Ukraine is not Iraq - and Any Global Peace and Justice Movement Needs to Recognize Why
Revisiting my 2003 "Where the Peace Movement Went Wrong" piece on the failures of the Anti-Iraq War mobilization and the persistent sectarian ideology still undermining the left today
The US violated international law and drove unimaginable death and mayhem in its illegal war in Iraq. Yet neither the American public at home nor most of the international community saw it as equivalent to Russia’s current invasion of Ukraine.
The difference is not because of propaganda, however much it may have a role in shaping these debates, but because there are fundamental differences that many in the organized left and peace movement (which are not synonymous) have not fully engaged.
The key is that unlike Russia’s goal of removing the current regime in Ukraine, removing a dictator like Saddam Hussein from power was a reasonable goal, even if the means were illegitimate and ultimately wrong-headed (as the chaos that would follow in Iraq would reinforce). Every speech by Zelensky makes the Russian claims of fighting a “Nazified” regime ever more ridiculous.
I am actually glad to see the pictures of Iraqis celebrating freedom from Saddam's dictatorship. Not because it changes my view that this war was the wrong decision, but at least it means that for some Iraqis the death and devastation of their cities is offset by their immediate freedom from Saddam's yoke.
The problem for the peace movement is that they failed to argue persuasively that death and war was not the best option to achieve this goal, instead leaving a lot of the US population with the sense that the choice was between the war and inaction, which ended up tilting many moderates reluctantly to the war camp.
For many Americans, the war involves fighting a brutal regime that abuses its own people and has a history of invading neighbors. Whether the Bush leadership have other nastier intentions is separate from that obvious issue, which many people can separate from even concious misgivings about the Bush administration.
The antiwar argument had to be about whether there was an alternative way to achieve the goal of a freer and more democratic Iraq (and questioning the good faith of war proponents to achieve that result).
Early on in the lead-up to the Iraq War, only a third of the public supported intervention in Iraq, but the failure of the peace movement was they couldn’t articulate an alternative approach to addressing the abuses of the Iraqi regime without resorting to war. The left was largely speaking to itself with significant chunks essentially defending Hussein’s regime, further alienating the peace movement from the broader public.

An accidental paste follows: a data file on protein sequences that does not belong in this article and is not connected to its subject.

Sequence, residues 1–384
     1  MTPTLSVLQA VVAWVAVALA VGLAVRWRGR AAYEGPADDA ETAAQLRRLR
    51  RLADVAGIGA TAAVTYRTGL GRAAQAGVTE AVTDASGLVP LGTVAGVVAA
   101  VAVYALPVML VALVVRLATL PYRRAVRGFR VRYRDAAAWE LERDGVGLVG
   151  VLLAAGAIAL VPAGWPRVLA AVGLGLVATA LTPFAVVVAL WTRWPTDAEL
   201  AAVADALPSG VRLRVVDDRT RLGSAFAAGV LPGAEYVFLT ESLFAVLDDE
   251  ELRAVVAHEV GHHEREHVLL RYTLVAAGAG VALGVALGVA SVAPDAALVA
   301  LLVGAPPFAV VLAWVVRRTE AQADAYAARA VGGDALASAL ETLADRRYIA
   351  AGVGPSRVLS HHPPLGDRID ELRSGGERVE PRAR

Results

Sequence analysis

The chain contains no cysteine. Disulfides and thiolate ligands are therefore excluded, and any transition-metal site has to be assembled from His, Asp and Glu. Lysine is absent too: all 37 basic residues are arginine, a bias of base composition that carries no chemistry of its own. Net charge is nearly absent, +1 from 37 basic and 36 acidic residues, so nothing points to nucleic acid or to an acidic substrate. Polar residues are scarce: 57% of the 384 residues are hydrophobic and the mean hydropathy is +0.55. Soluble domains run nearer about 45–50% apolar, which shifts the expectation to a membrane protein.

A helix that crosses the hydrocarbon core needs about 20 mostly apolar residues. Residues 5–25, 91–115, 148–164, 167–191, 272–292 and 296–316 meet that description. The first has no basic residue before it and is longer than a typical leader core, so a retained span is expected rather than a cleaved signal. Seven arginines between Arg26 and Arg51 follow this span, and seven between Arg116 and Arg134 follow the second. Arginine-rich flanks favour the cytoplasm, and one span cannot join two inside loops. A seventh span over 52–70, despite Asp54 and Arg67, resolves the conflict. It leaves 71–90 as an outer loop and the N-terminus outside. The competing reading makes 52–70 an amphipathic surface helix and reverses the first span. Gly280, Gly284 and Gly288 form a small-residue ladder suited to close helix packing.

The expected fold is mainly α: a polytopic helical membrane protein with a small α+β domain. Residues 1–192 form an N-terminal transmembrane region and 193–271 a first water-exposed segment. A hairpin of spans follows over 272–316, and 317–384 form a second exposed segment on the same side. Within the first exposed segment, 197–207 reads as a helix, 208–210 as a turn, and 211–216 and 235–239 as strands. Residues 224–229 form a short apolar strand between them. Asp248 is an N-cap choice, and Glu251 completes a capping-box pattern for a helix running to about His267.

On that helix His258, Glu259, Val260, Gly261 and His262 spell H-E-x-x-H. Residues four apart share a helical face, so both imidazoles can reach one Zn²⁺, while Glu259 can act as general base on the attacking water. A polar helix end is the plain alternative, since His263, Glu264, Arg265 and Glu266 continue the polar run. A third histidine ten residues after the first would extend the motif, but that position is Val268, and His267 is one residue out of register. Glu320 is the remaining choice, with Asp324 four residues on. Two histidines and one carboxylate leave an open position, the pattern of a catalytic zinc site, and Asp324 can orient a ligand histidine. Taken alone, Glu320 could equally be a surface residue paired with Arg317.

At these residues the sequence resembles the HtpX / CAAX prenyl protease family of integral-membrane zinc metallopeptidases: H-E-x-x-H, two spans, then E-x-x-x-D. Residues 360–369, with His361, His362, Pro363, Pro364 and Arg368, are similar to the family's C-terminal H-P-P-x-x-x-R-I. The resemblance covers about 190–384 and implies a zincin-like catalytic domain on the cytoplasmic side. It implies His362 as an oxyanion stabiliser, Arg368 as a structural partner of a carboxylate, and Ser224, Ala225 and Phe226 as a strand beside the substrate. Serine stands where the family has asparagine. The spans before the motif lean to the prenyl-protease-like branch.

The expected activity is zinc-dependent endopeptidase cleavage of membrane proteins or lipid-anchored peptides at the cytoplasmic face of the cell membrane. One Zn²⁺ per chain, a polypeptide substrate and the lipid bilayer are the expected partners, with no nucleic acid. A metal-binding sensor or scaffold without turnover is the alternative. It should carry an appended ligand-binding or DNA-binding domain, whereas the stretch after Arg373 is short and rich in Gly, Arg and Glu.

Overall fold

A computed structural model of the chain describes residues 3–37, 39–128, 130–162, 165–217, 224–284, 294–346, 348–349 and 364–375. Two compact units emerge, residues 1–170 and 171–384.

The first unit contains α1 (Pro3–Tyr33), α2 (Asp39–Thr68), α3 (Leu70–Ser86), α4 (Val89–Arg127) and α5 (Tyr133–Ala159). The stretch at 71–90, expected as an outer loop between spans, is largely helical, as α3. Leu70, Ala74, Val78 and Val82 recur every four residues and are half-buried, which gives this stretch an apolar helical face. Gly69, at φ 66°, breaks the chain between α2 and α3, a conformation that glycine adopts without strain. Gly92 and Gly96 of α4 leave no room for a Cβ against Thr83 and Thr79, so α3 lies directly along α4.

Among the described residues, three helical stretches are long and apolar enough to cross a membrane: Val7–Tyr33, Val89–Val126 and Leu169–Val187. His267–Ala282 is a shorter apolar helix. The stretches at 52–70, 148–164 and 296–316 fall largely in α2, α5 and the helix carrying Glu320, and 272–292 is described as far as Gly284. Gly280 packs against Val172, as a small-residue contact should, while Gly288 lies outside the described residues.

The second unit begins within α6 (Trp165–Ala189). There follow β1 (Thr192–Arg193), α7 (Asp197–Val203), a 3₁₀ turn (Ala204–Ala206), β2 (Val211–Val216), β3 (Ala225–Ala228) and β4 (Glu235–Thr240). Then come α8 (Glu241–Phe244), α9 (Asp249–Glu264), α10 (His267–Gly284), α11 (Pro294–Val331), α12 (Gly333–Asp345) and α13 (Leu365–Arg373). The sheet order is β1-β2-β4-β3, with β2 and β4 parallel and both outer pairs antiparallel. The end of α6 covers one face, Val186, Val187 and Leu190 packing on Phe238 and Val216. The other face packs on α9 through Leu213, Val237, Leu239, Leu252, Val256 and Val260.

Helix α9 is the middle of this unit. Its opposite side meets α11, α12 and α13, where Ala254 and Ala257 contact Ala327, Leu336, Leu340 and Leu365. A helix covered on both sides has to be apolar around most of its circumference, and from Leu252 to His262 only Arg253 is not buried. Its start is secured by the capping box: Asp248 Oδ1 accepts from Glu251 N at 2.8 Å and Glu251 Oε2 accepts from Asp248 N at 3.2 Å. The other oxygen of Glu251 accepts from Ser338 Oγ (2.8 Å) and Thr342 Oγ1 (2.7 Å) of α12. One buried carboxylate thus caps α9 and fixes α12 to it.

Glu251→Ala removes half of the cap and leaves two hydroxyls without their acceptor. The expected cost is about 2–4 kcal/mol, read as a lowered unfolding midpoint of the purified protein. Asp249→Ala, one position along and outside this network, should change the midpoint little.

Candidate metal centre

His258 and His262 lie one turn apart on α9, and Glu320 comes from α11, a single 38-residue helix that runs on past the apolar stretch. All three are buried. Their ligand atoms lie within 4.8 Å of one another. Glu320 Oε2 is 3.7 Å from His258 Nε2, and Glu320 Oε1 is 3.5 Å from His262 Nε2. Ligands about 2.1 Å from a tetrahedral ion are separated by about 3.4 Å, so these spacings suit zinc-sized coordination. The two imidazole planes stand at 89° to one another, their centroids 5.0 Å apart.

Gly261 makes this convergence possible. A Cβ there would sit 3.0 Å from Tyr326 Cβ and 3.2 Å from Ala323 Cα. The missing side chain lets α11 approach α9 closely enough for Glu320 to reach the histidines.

Bits and pieces of this response were scattered across antiwar analysis, but it was marginal to the simplistic "no war" legalisms and "unity" rhetoric with forces that excluded such analysis. Speeches at rallies I went to were preaching to the converted, not speaking to those less convinced of Bush's complete perfidy and for whom an actual argument was necessary. A few on February 15th in New York attempted this, but they were such the exception, and so unreinforced by broader public outreach to that unconverted group, that I'm hardly surprised that it was ineffective.
In the current Ukraine debate, those focusing on a message of “no NATO expansion” and implicitly or explicitly blaming the US and Europe for Russia’s invasion have similarly disconnected themselves from the actual public debate, which is what is the best strategy to end the invasion and occupation in Ukraine.
The problem is not just the leadership of the Democratic Socialists of America, among others, calling for withdrawal from NATO but also talking about “de-escalation” and ending “unilateral coercive measures”, implicitly criticizing the economic sanctions levied against Russia. The idea that you can get a “diplomatic resolution” with one side bombing cities and the other doing nothing in response sounds either delusional or pro-Russian, either way, alienating those horrified by the Russian invasion.
There is an Alternative Progressive Voice for Challenging Russian Oligarchs
Now, members of “the Squad” did articulate a strategy focused strongly on punishing the oligarchs who underpin Putin’s regime, while limiting military escalation.
Catie Edmondson @CatieEdmondsonYou don’t see this often, but here’s a letter from 43 lawmakers in both parties — from Gosar and Gaetz to AOC and Bush — urging Biden to receive authorization from Congress before involving US armed forces in the Russia-Ukraine conflict https://t.co/o9eimRZQpk
Here they lay out real strategies to target the power players in Russia to end the war, not pretending that diplomacy by itself will pressure Putin to end his war. While I disagree with the opposition by some in the Squad like Rep. Omar and Bush to banning Russian oil imports, opposing sanctions that hurt the broader Russian population while hitting the oligarchs hard is an actual moral and strategic approach to dealing with the situation.
Given that folks like Omar have consistently supported some degree of economic sanctions against Saudi Arabia for their mass bombings in Yemen and against Israel for its illegal Occupation, they at least have a consistent view of using sanctions to stop state-sponsored violence- something most of their critics don’t have.